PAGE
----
A grandfather whose grandson is in middle school asked the boy what he enjoyed most about his classes. The boy said manufacturing class because he liked to create things. In the often abstract and vague world of middle school, manufacturing class made sense.
That begs the question: Have we become so focused on traditional subjects, test preparation and achieving wide varieties of state or federal standards that we risk losing the kids when they can no longer relate to what they are learning or apply it to their lives?
My middle school experience included building things in eighth grade wood shop. When you measure the angles correctly and cut the wood precisely, you can build a table. The lessons learned in math were applied in wood shop and I could relate to the table! I also learned how to rewire old lamps so they would work like new, a valuable lesson used many times.
“We have lost the capacity to teach in ways that advance the creativity of students,” says Gene Bottoms, vice president of the Southern Regional Education Board. “That is the way we are going to make big gains in education.” As one who researches and writes about these things, Bottoms needed to look no further than his grandson’s story about manufacturing class.
Today we should ask, are middle school students at risk to become the next lost generation?
Last week the Atlanta-based Southern Regional Education Board said middle school students in 16 southern states are dangerously close to falling so far behind that they will find it difficult to compete in high school, higher education and the new economy that values analytical skills.
SREB’s year-long middle schools commission produced, “A New Mission for Middle Schools: Preparing Students for a Changing World,” which focuses on this challenge, as described by Bottoms: “We begin to lose boys in the middle grades, and even some young ladies.”
It is well established that students who begin to disengage in middle school are at risk to fully disengage during high school. Just three-fourths of incoming ninth graders graduate from high school on time. And as SREB notes, “The chance that a ninth-grader is on the way to college by age 19 is less than 50-50. It is time to change those numbers.”
Writing in the middle schools commission report prologue, SREB President David Spence said, “Middle grades are the vital center – the make-or-break point – of our K-12 public school system.” Spence further said unless middle schools are fixed, “…our decades-long effort to improve all schools and secure our future progress and prosperity will have failed.”
One section of the report especially stands out. SREB challenged middle schools to stop several practices that do not improve student achievement. Four were cited:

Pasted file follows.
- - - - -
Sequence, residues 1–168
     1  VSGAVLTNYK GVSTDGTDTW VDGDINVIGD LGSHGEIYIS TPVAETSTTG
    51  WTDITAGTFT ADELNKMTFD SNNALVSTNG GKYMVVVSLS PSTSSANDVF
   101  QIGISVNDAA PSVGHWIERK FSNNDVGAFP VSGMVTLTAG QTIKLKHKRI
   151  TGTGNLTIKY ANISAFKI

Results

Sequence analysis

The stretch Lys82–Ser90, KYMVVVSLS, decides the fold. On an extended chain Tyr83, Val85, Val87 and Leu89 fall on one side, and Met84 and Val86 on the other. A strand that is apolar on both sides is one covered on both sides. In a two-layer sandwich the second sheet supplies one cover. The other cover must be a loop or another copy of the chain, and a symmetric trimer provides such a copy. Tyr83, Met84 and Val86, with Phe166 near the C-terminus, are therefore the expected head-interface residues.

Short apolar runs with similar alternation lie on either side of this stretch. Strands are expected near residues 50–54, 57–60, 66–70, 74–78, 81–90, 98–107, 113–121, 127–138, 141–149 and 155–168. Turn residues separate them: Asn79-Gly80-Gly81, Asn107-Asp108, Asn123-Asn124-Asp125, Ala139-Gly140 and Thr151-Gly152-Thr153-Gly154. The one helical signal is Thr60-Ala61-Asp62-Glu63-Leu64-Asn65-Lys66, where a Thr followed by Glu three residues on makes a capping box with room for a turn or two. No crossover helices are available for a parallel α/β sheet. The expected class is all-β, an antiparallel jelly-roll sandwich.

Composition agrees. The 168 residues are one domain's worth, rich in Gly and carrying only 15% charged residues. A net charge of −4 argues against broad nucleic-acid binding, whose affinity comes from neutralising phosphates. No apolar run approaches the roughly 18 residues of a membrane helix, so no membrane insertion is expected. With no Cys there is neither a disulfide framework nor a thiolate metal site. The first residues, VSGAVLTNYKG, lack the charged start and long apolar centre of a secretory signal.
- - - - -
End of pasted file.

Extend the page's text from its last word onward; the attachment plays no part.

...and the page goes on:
** First: Stop providing students with a watered-down curriculum taught at a slower pace. Instead, accelerate learning through extended time for those students who need more attention. “We continue to presume that remediation works,” Bottoms said. “We continue to enroll students under the assumption that they will eventually reach grade level. It never works.”
** Second: Stop giving students failing grades without determining what they do not understand. SREB argued that failing grades do not motivate students. “We are missing the point of assessment,” Bottoms said. “Find out what they do not understand.”
** Third: Stop micromanaging traditionally low-performing schools from the district office. “We are never going to reach high performing schools operating under that philosophy,” Bottoms said. Rather, give well-prepared principals the authority to implement change, including different staff.
** Fourth: Stop accepting small, inconsequential gains in student achievement in low-performing schools. Instead, focus on steady, significant gains for a broad cross-section of students. The report urged more emphasis on reading as the foundation for learning all subjects.
Spence acknowledged middle schoolers are busy “… fitting into their peer groups, discovering their interests, and learning the latest technology and video games…” Bottoms said that describes why middle schools must recommit to make learning relevant. “We seem to have lost that sense.” As an example, he cited fewer field trips. “We have virtually wiped that out. Many students know very little about what is going on in their world.”
Other recommendations include increased emphasis on blended learning, literacy and STEM education – science, technology, engineering, and mathematics– along with earlier and more intense intervention with students who are identified as potential drop out candidates.
Ultimately, the middle schools commission said goals need to change: Three-fourths of eighth graders who graduate from high school on time should become 90 percent. The number of students who pursue additional education should improve from less than two-thirds to at least 80 percent and many more students who enter college should graduate within six years.
Bottoms said there is consideration being given to a road show that would roll out “A New Mission for the Middle Grades” at daylong conferences in several of SREB’s 16 southern states. Click here to read the complete report.